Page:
Whether you’re kicking off a creative career or starting a new project, you might’ve been told — by others or by yourself — that you should simply “do what you love” and the rest will come. This advice is generally a positive, optimistic statement, but does it actually do any good? I love coffee, but I don’t drink 12 cups a day for fear that my heart will explode. So sometimes doing what you love — in my case, guzzling gallons of java — wouldn’t help me do what’s right for me at the time.
You should absolutely love creating art. But is that the end of it? Does starting with the idea of doing what you love create a cycle of thinking that doesn’t account for all the hard, unlovable work that goes along with building a creative life like self-promotion, improving your workspace, or tagging your artwork?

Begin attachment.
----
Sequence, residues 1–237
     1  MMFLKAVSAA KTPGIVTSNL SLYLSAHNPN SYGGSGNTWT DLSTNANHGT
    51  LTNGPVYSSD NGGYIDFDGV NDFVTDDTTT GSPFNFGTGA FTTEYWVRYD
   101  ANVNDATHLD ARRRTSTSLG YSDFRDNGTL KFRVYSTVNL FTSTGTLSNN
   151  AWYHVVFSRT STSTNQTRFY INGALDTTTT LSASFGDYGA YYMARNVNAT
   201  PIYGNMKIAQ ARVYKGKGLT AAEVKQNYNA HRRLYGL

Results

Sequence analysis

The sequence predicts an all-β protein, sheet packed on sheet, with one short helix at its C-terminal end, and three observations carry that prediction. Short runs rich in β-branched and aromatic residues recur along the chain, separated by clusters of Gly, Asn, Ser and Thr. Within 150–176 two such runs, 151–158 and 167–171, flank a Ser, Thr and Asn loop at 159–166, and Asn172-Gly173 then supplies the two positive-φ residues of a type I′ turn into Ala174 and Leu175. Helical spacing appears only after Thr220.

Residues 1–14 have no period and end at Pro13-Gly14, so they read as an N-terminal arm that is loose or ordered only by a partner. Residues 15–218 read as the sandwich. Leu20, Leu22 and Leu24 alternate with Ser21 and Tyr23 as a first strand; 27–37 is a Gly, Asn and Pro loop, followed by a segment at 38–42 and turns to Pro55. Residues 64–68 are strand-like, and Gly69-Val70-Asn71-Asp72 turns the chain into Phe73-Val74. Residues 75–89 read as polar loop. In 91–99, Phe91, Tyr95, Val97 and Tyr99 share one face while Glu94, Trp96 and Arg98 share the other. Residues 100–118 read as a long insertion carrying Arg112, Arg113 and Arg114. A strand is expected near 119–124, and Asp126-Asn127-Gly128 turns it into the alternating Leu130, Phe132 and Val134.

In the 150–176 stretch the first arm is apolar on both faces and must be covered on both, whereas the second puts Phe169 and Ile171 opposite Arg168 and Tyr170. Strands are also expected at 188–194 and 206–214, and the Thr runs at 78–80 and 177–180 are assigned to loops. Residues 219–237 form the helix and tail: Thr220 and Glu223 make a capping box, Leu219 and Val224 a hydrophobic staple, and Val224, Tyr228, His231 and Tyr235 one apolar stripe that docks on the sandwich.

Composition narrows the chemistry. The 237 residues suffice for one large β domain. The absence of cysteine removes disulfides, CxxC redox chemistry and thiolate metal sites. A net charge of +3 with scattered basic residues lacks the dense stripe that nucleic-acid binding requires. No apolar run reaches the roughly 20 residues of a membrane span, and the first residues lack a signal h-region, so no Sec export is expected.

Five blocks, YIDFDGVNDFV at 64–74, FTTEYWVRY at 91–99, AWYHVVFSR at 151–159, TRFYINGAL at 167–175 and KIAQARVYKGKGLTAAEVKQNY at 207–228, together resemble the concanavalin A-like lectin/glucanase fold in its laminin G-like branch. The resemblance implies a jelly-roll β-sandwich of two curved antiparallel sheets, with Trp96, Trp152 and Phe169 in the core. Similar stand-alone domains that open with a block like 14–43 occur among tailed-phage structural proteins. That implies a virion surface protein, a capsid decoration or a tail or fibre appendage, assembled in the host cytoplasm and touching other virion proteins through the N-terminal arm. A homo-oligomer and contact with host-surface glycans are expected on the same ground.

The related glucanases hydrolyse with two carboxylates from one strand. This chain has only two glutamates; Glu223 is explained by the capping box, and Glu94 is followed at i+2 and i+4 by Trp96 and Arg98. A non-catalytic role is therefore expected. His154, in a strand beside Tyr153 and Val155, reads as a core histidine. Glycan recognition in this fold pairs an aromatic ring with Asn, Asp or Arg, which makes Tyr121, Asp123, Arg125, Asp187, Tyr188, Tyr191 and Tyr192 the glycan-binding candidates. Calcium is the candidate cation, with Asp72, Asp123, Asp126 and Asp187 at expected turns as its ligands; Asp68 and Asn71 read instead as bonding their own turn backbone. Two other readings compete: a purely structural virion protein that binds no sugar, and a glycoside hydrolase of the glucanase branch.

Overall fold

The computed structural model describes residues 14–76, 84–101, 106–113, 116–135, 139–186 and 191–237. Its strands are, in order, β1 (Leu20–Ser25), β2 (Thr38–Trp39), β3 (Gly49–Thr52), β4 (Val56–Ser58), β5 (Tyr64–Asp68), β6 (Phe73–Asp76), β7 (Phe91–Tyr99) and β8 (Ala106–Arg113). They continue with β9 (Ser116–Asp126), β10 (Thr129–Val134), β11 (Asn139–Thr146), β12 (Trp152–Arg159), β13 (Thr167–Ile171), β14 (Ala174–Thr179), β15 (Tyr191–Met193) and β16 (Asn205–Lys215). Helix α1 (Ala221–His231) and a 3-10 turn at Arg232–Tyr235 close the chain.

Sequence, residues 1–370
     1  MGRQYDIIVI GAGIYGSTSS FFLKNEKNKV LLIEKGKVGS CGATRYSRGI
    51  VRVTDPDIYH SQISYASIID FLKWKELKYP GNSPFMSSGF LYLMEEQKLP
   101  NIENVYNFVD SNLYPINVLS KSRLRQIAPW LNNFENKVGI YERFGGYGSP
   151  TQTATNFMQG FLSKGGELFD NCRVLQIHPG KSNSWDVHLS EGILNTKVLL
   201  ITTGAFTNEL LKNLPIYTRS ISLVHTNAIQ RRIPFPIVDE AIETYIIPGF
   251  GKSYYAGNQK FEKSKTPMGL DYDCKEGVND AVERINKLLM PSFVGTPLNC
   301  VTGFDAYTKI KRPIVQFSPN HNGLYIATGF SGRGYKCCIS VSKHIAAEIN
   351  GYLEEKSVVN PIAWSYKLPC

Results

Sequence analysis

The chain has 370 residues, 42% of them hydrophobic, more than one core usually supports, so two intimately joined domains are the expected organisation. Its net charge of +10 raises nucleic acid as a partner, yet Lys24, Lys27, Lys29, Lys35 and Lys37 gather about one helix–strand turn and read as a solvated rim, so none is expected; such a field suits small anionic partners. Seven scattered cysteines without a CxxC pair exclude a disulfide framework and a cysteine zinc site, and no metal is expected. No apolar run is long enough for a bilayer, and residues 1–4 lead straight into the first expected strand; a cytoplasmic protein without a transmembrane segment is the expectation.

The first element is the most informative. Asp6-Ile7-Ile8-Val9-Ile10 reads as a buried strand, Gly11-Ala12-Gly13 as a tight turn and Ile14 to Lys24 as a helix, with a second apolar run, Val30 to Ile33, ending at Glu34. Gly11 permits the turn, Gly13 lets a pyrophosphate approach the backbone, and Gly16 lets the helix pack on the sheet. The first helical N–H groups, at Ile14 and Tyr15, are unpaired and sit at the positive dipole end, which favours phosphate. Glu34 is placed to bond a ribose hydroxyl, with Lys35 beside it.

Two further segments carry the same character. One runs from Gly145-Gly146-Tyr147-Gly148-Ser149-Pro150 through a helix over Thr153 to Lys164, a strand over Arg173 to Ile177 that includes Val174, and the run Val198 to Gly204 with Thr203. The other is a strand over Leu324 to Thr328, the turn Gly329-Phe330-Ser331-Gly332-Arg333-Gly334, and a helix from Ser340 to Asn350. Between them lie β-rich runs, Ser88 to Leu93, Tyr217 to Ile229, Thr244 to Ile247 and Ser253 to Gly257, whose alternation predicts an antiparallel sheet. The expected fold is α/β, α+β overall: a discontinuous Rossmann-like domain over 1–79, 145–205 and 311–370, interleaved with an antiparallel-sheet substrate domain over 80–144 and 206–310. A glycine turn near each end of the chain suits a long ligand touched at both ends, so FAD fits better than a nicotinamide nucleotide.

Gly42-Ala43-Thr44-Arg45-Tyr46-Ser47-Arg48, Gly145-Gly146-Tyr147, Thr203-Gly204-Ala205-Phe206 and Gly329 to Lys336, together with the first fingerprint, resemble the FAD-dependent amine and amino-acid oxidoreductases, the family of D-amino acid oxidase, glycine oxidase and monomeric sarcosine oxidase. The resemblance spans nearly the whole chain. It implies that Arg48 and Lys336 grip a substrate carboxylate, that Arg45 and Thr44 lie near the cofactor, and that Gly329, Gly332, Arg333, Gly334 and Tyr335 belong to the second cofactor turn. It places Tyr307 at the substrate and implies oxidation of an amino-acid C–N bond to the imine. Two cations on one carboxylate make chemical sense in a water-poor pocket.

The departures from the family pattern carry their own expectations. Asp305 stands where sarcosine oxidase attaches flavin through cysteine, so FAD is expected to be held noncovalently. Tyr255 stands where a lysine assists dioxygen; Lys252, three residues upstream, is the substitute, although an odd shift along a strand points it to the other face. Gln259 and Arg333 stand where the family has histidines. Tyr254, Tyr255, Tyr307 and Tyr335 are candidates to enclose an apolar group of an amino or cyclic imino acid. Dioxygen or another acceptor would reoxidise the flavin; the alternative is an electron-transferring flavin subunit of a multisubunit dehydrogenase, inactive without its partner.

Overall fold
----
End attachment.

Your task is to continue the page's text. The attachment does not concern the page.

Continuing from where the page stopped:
As creative people, we’re often told that getting the opportunity to do what you love is the ultimate career goal. But should it be?
I think that blindly doing what you love can potentially feed into the overtired artistic genius myth — that sheer passion for making artwork and exuberance will suddenly generate a dynamic artistic practice. As we’ve discussed here, making art something more than a hobby is hard work that involves more than just drawing, photographing, and designing, and it needs to be treated like that. You can’t (and shouldn’t) always love it.
Has just doing what you love worked for you? Have you found a happy middle ground between doing what you love and doing what you need? Is “do what you love” just an innocuous statement that generates a dose of the warm fuzzy feelings in a world in which warm fuzzy feelings are always needed? Do you “do what you love”?